Commission buys 110,000 vaccine doses to use against monkeypox

Vaccines, a countermeasure against monkeypox, were developed to fight smallpox – a virus from the same family as monkeypox. [SHUTTERSTOCK/angellodeco]

Health commissioner Stella Kyriakides signed an agreement to purchase around 110,000 doses of a vaccine to be used for monkeypox, on behalf of member states, she announced on Tuesday (14 June).

The Commission, via Health Emergency Preparedness and Response Authority (HERA) and the EU4Health mechanism, has purchased third-generation smallpox vaccines that are effective against the monkeypox virus. The first deliveries of vaccines are expected at the end of June. 

“This is the first time that we are using EU funds in order to purchase vaccines that we can then distribute to member states,” Kyriakides said at the doorstep ahead of EPSCO health council.

She continued: “This shows what we can when we’re working together and the power of having the structures in place so that we can immediately respond to a crisis such as the one we have now.”

Monkeypox cases continue to grow, and as of Monday, around 900 cases were reported in 21 EU/EEA countries, with some 500 cases reported outside of the EU in non-endemic countries. Spain, Portugal and Germany reported most of the cases in the bloc, while the UK has the highest number worldwide. 

Cases are generally mild, and no deaths have been reported, but the virus can pose risks to vulnerable people.

The vaccines purchased by the EU were initially developed to fight smallpox – a virus from the same family as monkeypox. 

“We know that the vaccine for smallpox can be used for monkeypox with a high level of efficacy,” confirmed Sylvie Briand, the World Health Organisation’s (WHO) global infectious hazard preparedness department’s director, during a press briefing on Wednesday (8 June).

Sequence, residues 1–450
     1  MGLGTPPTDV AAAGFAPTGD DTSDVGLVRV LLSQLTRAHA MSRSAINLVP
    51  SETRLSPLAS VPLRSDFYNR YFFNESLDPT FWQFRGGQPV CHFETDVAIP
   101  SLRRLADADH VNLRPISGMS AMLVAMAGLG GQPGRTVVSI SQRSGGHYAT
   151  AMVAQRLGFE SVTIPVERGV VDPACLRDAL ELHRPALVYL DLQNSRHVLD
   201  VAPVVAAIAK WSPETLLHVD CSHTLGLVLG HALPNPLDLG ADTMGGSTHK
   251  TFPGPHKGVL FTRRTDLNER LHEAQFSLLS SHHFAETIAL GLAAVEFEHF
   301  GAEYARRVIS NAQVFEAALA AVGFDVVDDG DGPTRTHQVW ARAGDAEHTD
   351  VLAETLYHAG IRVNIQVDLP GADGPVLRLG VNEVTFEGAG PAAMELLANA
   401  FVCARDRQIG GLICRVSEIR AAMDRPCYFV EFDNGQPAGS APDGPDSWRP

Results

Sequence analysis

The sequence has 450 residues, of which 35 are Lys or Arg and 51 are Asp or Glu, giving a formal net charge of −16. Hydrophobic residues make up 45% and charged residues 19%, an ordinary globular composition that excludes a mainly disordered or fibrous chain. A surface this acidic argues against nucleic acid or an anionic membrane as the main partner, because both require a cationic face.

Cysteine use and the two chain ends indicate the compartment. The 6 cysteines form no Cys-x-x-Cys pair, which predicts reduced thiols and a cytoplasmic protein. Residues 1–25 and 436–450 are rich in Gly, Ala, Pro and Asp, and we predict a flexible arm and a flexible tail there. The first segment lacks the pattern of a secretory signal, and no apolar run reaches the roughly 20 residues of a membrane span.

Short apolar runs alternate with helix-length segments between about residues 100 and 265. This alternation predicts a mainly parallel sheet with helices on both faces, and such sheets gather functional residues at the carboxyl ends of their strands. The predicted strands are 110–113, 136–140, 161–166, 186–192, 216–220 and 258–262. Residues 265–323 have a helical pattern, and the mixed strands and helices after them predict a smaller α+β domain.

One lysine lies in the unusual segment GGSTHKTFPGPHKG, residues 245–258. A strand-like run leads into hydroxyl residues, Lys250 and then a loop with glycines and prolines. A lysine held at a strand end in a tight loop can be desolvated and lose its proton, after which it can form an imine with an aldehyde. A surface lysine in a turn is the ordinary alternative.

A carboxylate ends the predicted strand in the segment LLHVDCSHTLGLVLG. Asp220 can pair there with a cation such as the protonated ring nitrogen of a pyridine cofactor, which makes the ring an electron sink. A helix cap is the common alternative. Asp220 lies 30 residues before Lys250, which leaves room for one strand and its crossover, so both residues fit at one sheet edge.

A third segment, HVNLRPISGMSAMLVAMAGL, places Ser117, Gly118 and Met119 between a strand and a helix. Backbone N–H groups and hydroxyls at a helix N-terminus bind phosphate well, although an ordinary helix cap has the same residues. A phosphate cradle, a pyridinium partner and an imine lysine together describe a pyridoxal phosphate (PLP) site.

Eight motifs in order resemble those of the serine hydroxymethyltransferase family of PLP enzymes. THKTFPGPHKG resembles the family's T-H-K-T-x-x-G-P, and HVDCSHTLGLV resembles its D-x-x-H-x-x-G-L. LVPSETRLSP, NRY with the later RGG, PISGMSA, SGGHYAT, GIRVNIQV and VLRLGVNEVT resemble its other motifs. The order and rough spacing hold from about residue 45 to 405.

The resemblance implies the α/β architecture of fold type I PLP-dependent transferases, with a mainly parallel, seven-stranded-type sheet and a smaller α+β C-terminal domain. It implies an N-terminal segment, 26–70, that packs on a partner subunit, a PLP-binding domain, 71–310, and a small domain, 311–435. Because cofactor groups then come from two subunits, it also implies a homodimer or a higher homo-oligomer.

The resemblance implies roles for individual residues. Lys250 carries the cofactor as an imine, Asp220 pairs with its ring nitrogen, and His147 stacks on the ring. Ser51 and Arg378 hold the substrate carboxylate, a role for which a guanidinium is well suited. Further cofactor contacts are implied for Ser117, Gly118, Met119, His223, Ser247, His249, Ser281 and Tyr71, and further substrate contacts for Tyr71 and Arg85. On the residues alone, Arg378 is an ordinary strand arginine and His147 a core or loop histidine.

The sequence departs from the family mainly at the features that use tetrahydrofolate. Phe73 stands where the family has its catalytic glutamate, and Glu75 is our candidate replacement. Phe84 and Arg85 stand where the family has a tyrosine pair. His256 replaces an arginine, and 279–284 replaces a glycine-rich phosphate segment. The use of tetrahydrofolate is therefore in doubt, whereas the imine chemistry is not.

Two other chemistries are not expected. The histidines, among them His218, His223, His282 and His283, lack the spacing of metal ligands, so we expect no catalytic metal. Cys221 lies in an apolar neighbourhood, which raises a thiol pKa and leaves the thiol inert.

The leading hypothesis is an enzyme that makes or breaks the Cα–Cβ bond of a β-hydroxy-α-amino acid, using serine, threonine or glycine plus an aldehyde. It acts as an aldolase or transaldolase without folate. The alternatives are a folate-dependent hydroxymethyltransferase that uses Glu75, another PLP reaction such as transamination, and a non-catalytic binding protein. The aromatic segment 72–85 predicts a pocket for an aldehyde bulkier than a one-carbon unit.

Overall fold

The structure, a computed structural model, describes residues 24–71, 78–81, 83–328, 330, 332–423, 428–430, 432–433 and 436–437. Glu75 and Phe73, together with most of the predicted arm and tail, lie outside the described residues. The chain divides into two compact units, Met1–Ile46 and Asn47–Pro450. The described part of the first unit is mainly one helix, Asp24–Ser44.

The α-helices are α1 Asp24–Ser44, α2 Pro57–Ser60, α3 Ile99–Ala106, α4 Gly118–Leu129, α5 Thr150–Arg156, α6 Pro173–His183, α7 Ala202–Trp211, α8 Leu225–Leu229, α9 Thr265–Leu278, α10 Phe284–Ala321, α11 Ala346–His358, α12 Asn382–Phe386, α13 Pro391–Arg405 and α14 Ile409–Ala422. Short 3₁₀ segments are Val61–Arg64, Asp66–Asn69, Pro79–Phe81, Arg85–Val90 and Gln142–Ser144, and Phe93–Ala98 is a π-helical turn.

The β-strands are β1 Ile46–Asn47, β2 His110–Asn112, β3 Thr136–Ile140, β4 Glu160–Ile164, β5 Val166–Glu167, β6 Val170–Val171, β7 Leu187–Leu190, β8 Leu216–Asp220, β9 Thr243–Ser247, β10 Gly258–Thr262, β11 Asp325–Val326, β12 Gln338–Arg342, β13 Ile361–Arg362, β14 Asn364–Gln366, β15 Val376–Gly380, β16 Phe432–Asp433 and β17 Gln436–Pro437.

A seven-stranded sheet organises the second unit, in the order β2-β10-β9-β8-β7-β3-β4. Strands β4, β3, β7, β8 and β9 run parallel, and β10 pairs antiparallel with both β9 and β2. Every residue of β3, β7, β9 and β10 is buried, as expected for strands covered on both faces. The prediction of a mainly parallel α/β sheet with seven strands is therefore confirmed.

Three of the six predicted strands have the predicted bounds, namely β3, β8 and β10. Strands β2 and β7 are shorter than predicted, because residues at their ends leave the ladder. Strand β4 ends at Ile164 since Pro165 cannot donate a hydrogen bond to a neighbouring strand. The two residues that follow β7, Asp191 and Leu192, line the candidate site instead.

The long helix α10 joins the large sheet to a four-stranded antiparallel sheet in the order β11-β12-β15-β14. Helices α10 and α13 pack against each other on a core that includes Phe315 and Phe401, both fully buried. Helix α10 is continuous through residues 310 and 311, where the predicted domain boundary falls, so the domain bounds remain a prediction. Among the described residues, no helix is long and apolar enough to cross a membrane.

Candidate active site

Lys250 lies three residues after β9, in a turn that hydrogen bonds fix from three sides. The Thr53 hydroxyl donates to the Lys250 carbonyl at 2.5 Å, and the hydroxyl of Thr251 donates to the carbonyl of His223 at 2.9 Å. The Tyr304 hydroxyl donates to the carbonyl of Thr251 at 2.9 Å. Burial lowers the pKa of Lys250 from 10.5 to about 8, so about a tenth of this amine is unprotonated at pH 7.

As the commission’s spokesperson said, vaccines will not be used for mass vaccination but rather for certain groups, as the virus spreads through close skin-to-skin contact. 

“Vaccination will be limited to very specific cases as the transmissibility of the risk from the virus is not comparable, for instance, to the risks that we know in the context of COVID,” the spokesperson said.

HERA to ensure vaccine and therapeutics against monkeypox as cases grow

The Health Emergency Response Authority (HERA) is coordinating the procurement of monkeypox vaccines and therapeutics on behalf of EU member states as the virus continues to spread outside of endemic countries.

Spreads only though a close contact

Director of The European Centre for Disease Prevention and Control (ECDC) Andrea Ammon, during an exchange with Parliament’s health committee (ENVI) on Tuesday (14 June), confirmed that this zoonic disease, monkeypox, is not spreading easily among people.

“In order to spread from human to human, close contact with infectious material from skin lesions of an infected person, or through respiratory droplets with a close prolonged face-to-face contact or fomites is necessary,” she said. 

Ammon added that “in the ongoing outbreak, the location of the lesion suggests that transmission occurs during sexual contact“.

So far most cases are seen among men who have sex with men, but it is important to stress that it can spread in any group. 

“The likelihood of monkeypox spreading among men who have sex with men, as well as their close contact, is considered high in the EU/EEA. However, it should be noted that the likelihood of spread to the broader population is low,” Ammon told lawmakers. 

Ammon stressed the importance of raising awareness and risk communication.

“Rather than canceling [mass gatherings], these should be seen as an opportunity for awareness-raising on risks and symptoms, […],” she stressed.

Monkeypox – how concerned should we be?

By the end of May, there have been over 200 cases of monkeypox confirmed outside endemic countries.

As mysterious monkeypox cases are appearing among people who have never traveled to endemic countries, it is time to look at what we know …

 

Subscribe to our newsletters

Subscribe